Performing CPR on a Corpse
If Denial is the first stage of Grief, then me trying to live at home--even after our marriage ended--was clear evidence that I was grieving hard.
(Dear Readers, this article is part of a larger on-going series of posts called “Processing Divorce” in which I write about and process both my own divorce as well as what it was like growing up in a divorced home. It may not be for everyone, and that’s okay. Thanks.)
The week following the death of our marriage was weird.
Hard, obviously, but also really weird.
Last week I shared the story of how I tried living in the house after my ex ended our marriage because she wanted to try and keep the family together. Even keep “us” together… kind of? A domestic partnership sorta thing, I guess.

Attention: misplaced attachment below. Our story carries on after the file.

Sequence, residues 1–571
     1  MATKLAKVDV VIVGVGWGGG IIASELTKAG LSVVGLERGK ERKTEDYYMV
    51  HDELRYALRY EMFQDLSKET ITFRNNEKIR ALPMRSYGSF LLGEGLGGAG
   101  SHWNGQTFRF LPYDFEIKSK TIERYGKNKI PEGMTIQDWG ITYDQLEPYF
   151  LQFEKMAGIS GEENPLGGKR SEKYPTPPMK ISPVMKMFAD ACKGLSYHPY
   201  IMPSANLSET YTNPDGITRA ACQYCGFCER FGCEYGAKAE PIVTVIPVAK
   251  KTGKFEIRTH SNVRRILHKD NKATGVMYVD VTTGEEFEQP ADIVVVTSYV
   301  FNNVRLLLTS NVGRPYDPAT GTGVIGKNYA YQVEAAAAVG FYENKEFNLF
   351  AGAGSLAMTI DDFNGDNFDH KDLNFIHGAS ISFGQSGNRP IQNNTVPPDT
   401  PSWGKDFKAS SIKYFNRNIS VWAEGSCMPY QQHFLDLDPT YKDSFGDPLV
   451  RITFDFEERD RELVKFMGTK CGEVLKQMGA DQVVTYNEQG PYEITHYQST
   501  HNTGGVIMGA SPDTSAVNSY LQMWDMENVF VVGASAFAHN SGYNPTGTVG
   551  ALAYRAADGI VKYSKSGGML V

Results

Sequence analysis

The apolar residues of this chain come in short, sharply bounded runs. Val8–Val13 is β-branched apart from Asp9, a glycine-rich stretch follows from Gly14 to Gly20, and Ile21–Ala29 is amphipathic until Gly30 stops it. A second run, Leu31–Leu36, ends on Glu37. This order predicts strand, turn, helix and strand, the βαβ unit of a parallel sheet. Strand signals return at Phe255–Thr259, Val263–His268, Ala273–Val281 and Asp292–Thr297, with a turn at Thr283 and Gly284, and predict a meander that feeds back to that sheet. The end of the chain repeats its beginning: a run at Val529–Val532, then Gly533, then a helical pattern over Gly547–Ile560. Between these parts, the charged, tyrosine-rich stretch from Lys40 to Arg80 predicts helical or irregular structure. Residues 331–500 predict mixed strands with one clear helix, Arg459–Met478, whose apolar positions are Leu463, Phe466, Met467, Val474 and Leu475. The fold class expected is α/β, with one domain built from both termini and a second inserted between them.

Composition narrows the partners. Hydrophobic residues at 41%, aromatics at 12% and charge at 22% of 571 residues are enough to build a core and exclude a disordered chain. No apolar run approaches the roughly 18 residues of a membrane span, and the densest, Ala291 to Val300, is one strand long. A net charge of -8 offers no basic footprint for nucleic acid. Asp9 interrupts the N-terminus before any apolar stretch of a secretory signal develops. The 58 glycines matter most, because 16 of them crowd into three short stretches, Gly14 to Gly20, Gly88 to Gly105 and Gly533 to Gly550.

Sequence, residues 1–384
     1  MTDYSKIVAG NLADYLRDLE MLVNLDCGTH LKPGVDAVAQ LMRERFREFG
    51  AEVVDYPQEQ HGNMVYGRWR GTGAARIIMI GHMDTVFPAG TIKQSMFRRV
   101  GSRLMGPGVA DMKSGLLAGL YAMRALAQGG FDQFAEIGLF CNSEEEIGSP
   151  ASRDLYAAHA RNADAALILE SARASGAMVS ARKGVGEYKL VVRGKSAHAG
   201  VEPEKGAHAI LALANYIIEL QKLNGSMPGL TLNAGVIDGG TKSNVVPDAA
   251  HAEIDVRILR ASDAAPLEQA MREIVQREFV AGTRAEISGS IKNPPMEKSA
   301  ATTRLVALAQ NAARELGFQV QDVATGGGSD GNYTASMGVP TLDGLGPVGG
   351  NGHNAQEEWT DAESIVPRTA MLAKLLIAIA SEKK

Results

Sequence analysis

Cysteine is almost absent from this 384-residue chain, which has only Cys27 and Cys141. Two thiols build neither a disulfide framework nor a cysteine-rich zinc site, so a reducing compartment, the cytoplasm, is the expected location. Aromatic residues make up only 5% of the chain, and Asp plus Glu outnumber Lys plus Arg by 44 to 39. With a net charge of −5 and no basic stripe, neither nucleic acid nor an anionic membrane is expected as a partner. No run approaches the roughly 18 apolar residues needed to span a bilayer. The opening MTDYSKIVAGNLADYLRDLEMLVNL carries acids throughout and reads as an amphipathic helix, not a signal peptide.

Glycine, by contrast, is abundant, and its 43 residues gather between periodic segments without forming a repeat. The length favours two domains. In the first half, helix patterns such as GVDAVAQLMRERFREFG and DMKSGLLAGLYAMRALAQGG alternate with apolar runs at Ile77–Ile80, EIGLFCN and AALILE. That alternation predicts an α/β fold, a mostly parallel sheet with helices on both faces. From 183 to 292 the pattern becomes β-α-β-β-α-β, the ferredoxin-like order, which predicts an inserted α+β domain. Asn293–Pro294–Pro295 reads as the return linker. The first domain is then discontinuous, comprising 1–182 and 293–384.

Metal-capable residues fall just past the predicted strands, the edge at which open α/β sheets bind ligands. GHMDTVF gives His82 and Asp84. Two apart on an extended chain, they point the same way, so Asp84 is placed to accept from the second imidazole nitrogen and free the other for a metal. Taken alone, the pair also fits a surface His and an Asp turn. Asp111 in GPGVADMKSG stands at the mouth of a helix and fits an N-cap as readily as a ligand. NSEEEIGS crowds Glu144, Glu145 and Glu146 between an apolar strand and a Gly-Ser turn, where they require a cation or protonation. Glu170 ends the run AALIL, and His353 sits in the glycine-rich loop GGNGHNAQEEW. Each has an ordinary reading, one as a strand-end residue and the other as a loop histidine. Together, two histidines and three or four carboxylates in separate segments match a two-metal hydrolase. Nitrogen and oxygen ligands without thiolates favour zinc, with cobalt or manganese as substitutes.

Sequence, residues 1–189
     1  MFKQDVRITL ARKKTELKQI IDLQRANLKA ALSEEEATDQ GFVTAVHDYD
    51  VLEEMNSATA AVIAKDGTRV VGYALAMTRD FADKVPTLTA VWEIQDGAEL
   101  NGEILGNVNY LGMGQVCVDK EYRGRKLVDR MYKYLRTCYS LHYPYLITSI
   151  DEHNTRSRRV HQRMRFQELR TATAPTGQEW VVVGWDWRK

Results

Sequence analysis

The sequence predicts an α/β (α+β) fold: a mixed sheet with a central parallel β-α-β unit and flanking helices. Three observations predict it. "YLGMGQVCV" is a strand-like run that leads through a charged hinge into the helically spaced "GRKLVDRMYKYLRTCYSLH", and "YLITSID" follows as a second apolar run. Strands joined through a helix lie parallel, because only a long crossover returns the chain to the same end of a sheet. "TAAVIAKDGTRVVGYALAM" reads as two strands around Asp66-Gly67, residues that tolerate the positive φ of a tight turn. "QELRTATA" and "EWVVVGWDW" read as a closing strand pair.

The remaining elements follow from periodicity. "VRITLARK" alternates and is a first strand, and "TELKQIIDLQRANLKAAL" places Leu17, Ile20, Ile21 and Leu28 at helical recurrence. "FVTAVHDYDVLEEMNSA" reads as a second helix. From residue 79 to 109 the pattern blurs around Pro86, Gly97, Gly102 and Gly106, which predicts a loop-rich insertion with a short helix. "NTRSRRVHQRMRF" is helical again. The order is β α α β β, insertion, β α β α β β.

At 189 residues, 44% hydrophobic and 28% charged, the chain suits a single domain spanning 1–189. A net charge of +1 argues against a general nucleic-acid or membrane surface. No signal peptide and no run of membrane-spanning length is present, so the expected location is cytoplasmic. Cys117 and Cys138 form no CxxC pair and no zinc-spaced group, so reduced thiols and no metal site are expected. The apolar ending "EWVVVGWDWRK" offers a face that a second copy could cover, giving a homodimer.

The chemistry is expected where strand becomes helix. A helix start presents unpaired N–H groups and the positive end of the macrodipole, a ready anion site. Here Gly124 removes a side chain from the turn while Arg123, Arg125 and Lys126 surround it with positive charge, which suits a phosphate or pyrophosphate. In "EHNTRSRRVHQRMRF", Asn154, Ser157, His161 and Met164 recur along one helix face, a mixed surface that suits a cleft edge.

Which, when she first suggested it and asked me what I thought, my first words, “Well, that’s not the kind of life I want to live.”
I’m not interested in a roommate. Especially one I was still in love with and crazy about. Such a setup seemed not only improbable to me, but also super depressing.
She didn’t like my answer. Accused me of being selfish, which I struggled to understand because didn’t she ask me to share my thoughts on the matter? Later that day I reflected back on that moment and considered how perhaps a different (better?) response might’ve been to acknowledge that I’d heard the things she shared, communicate back to her that I saw and understood her… and then maybe I could’ve shared my feelings without it blowing up and becoming about how selfish I was to “center” myself?
I don’t know, y’all. A year later and I’m still trying to figure these things out. How do you share honestly about what you’re feeling without it also appearing as though you are centering yourself and your feelings?
If you have any ideas, please send help.
Anyway, back to the weirdness of that week…
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